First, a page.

With coding becoming more central to learning and education, it’s no wonder that so many tech toys for kids are designed to teach the critical thinking and problem-solving that is central to computer programming. What a joy that so many of these choices are also so much fun. They are toys, after all.
This robot caterpillar was created for kids as young as three. It’s made up of segments, each of which gives the caterpillar a specific command. By rearranging the segments, kids can see how the path the creature crawls along differs. All the while they are learning to think with the logic and planning of a computer programmer.
Robot Turtles board game ($32)
Kids and adults alike will have a blast playing this board game that teaches the building blocks of coding. The objective is to get your robot turtle to its jewel by avoiding obstacles. To do so, players have to use cards to plot out the route that their turtle will have to take. If players change their mind, or realize that their instruction won’t work, they can tap their “bug” card and revise their “code”.
Osmo Coding ($70)
The Osmo coding system brings logic and problem-solving to the iPad with fun learning experiences. Central to the games is the playful character of Awbie. Players will become increasingly sophisticated at directing Awbie, unveiling the game world as they progress. The Coding Game Kit comes with three game downloads, a base and mirror that work with an iPad, and 28 coding blocks.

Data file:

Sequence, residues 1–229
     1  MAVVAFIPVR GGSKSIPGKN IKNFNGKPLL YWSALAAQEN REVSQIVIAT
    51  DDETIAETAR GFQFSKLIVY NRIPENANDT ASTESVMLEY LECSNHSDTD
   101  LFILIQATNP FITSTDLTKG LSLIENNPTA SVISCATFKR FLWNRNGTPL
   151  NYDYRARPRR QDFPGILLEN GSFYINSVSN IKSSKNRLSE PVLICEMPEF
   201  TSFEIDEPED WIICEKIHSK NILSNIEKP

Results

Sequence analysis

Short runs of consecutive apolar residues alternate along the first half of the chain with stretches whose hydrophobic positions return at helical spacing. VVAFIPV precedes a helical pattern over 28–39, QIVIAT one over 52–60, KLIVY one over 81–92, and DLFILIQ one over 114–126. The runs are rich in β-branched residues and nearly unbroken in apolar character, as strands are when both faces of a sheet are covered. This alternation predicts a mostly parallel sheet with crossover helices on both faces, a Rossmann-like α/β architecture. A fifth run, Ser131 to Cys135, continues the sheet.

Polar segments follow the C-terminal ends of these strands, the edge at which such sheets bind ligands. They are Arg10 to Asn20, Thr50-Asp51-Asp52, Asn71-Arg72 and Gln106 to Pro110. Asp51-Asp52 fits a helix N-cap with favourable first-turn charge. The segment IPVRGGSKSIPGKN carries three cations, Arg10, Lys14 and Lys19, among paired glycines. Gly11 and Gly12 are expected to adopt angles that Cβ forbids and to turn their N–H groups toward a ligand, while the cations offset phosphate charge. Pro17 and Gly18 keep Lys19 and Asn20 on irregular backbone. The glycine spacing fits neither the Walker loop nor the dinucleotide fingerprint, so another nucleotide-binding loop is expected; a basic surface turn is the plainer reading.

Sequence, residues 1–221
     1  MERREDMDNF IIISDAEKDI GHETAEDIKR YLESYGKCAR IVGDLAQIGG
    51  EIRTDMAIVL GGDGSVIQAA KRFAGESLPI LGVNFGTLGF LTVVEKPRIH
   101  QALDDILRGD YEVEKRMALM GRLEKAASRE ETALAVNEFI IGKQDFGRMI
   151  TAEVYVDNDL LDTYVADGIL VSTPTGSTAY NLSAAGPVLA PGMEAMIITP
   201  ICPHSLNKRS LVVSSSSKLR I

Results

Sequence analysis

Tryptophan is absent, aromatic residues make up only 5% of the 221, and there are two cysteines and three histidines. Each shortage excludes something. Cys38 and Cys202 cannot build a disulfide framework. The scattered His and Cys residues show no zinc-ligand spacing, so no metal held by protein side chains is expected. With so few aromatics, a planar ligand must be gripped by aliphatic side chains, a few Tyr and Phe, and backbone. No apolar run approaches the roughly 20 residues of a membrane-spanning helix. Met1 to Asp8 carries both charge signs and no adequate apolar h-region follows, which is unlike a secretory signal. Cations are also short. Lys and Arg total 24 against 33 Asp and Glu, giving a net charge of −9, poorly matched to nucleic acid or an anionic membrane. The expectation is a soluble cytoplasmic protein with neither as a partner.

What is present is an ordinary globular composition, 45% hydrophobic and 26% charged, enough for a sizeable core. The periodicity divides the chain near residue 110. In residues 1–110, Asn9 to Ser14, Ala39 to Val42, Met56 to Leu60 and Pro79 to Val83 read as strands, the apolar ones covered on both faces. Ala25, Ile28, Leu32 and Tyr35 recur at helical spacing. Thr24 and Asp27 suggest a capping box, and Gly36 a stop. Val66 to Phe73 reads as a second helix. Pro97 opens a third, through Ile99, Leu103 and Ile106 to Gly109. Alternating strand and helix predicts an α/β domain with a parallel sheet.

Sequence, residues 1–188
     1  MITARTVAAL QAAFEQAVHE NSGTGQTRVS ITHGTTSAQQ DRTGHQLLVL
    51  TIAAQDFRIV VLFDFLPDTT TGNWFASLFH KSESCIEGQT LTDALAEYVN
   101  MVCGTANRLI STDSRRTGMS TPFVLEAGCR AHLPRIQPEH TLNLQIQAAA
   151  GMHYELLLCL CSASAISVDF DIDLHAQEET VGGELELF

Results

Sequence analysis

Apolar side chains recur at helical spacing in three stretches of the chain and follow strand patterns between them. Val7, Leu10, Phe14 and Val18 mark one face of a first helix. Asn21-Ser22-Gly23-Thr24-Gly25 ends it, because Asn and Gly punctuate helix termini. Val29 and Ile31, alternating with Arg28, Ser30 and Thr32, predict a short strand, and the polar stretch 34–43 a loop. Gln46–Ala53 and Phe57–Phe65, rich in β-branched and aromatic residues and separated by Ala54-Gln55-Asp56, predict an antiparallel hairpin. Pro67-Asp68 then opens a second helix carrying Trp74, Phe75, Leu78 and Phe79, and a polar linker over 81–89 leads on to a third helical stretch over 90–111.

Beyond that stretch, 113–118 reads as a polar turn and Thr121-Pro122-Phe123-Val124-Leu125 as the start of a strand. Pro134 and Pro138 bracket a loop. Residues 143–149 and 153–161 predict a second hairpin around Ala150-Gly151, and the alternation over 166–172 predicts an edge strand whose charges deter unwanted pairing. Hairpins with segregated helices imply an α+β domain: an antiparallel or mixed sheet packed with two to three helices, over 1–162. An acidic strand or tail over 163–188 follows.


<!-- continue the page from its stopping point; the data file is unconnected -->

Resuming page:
Force Armband ($100; $250 when packaged with a BB-8 robot)
The toy everyone wanted last year was Sphero’s BB-8 droid from Star Wars: The Force Awakens. This year, everyone will need the Force Armband, which lets owners control their BB-8 by simply waving a hand. While wearing the Armband, your kids can complete various combat-training exercises and learn how to use Force push and Force pull actions to make BB-8 navigate the environment.
From the wonderful minds at Wonder Workshop comes Dash, a cute little rolling robot that bridges fun, robots, and coding in one amazing package. Dash can be programmed using a number of different tools. Younger children can use Path, while older kids can use Blockly and Wonder, all to customize Dash to be the robot companion they want.
Kidizoom Smartwatch ($60)
All kids need to learn how to tell time. This smartwatch can help them with that. With it, they can also document their world with the built-in camera and voice recorder. It also has a pedometer and motion sensor that are used by games that encourage movement. It is, as you’d expect, built for kids, so it’s durable and splash-proof.
Hexbugs ($7 to $35)
These robotic bugs are perfect for exploring how creatures move. The Wahoo is the latest aquatic Hexbug that spins through the water, rapidly diving and changing direction. They come in a variety of colours; your kids will never have so much fun in the tub. The Nano Nitro Habitat Set is like a modern-day ant farm without all the dirt. It provides all the pieces to create an environment for Nano Nitro Hexbugs, which are able to chase each other around and can navigate any maze in which you put them.
Boogie Board Play n' Trace ($50)
This digital artist’s palette has a translucent writing surface so kids can trace anything they want and draw anywhere they can. It’s perfect for copying artwork and comics while learning how to draw. Designed with a flat back, the Play n’ Trace can be placed on any surface, and the stylus has two tips, one for outlining and another for filling in drawings.
Rubik's Spark ($35)
While it resembles the Rubik’s Cube of yesteryear, the Spark is an interactive puzzle cube that befits the digital age. The six games that are part of the Spark system build reaction time and memory skills by having players rotate, spin, and tilt the cube to complete objectives. There’s also a freeform mode that turns players into music makers as they move the Spark to create sounds.